– Halló, gépterem?
– Skultéti, jelentkezem.
– Mennyi, Skultéti?
– Mi harminchárom?
– Mi mennyi, főmérnök úr?
– Az, ami harminchárom.
– Nem annyinak kellett volna lennie?
– Mindegy, Skultéti, csak csinálják tovább.
Istvan Orkeny: The production continues undisturbed
(The further administrative and socialpsychological analisys of a joke from 1977, Pest)
– Hallo, engine room?
– Skulteti reporting!
– How much, Skulteti?
– What is thirty-three?
– What is is how much, Chief Engineer?
– That is thirty-three.
– Shouldn’t be that much?
– Doesn’t matter, Skulteti, just continue on.
These (great) points aside, it’s great that a PM or leader stay on top of things to make sure that everyone has the resources they need. That said, they generally stay away because they know their presence will be disruptive to those trying to get on with it. If OV was truly concerned he would have respected his role but he didn’t, he over played his hand and to that end the whole “I care” thing looks like a complete sham.
This currency trades at such low volumes and such low liquidity that it could be any number of things. Because of this you can expect bounciness of 1 – 3% as simply being normal, can happen in a single trade. The bigger action is in the futures market because that’s where most companies go to buy currency. It’s the only way you can do any planning/forecasting when dealing with the wonky little currencies.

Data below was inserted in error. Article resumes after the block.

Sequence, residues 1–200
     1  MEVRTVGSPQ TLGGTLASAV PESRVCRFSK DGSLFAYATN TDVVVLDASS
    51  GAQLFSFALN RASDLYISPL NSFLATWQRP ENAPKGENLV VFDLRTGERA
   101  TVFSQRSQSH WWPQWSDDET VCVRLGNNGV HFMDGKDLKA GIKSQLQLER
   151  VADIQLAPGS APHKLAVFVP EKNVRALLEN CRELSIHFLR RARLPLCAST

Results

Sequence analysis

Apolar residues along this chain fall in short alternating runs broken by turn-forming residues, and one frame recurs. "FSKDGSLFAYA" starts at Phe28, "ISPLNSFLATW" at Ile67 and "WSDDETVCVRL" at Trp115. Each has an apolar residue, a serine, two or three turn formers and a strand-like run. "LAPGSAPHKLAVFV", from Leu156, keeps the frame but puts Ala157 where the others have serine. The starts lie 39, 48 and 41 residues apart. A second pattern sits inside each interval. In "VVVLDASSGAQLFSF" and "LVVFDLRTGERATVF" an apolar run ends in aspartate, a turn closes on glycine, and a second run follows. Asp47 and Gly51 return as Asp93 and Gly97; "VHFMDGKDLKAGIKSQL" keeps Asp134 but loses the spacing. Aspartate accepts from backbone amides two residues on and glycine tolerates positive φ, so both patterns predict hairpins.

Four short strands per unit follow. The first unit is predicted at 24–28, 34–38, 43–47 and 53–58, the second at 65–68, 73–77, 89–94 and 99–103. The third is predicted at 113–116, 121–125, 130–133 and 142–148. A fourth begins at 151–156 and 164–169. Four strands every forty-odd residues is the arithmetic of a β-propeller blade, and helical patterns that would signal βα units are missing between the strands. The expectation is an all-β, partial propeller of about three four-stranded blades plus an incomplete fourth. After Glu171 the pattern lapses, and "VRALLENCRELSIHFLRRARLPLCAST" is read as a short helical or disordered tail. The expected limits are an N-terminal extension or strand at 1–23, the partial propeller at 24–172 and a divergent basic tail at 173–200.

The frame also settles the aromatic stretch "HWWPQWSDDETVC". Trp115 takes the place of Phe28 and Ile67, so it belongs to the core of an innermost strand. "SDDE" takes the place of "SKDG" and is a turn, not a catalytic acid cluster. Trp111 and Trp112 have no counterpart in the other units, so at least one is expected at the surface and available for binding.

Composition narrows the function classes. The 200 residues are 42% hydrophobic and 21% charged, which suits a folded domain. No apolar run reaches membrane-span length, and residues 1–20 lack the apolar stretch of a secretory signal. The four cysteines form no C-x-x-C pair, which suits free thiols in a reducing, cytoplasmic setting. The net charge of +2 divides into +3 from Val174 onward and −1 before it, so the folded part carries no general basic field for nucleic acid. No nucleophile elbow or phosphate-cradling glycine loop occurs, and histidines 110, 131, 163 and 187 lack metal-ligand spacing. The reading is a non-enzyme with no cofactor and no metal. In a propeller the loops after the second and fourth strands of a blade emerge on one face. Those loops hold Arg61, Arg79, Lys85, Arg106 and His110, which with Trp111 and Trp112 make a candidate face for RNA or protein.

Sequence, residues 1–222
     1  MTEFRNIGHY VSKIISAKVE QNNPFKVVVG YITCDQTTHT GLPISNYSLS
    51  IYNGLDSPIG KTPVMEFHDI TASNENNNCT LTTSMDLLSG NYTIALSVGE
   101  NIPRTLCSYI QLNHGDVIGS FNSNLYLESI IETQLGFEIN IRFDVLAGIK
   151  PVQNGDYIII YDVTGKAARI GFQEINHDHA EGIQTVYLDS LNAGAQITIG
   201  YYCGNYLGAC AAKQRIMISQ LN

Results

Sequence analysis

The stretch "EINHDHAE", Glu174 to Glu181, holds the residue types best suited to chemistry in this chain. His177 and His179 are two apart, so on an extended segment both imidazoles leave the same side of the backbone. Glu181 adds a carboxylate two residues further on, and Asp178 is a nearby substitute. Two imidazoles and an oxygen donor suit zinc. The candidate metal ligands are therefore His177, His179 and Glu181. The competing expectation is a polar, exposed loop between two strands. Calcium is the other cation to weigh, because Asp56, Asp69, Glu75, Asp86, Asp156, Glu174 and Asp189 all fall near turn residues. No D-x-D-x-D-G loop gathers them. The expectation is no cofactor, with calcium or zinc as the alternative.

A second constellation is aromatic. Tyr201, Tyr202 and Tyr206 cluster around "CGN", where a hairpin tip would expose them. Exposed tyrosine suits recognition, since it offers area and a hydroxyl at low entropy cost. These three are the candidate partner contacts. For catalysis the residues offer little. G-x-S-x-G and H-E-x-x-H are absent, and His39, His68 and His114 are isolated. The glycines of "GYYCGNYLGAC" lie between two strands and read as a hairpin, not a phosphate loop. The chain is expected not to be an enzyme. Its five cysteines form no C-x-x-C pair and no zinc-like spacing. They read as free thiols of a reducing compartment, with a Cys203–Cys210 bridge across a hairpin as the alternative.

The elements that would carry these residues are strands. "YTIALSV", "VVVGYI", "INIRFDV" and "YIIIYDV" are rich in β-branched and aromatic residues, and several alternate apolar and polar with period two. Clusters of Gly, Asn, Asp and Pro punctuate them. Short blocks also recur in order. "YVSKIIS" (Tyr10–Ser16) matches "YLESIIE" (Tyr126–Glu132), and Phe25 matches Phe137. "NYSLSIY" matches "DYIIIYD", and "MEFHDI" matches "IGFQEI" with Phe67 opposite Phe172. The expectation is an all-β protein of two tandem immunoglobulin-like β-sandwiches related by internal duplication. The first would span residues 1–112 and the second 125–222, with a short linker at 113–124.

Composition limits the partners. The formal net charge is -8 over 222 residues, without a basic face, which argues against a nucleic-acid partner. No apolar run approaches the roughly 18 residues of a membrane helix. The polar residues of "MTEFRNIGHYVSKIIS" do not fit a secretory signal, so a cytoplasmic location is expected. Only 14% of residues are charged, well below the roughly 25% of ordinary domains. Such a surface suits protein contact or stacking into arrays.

mwahahahahahahaha this is big fun here 🙂 weeird people hanging around here. Soon someone will mention Soros I guess 🙂
Probably I’ve missed this from Örkény or managed to forget somehow, but I have heard my “original” version sometimes in the mid sixties from one of my schoolmates, – he even imitated the loudspeaker pinching his nostrils – and it stuck.
However, the level of expertise speaks for itself: what would have happened with all those lost lives without our great leader showing the way, telling what to do, and asking all these invaluable questions…
Thank God (whichever – take your pick!) now we are all safe!
Have you seen this video on The Economist blog?
Judging from this and the most recent coverage in the printed edition, The Economist seems to take the view, that the EU should not push Orban too radically because that would be counterproductive, it would strengthen Jobbik and Orban himself, and would increase anti-EU sentiments.
They also claim that Orban would win if there were elections today.
They suggest the EU should wait until Orban’s bad economic policy destroys the country and then Hungarians will turn away from Orban anyway.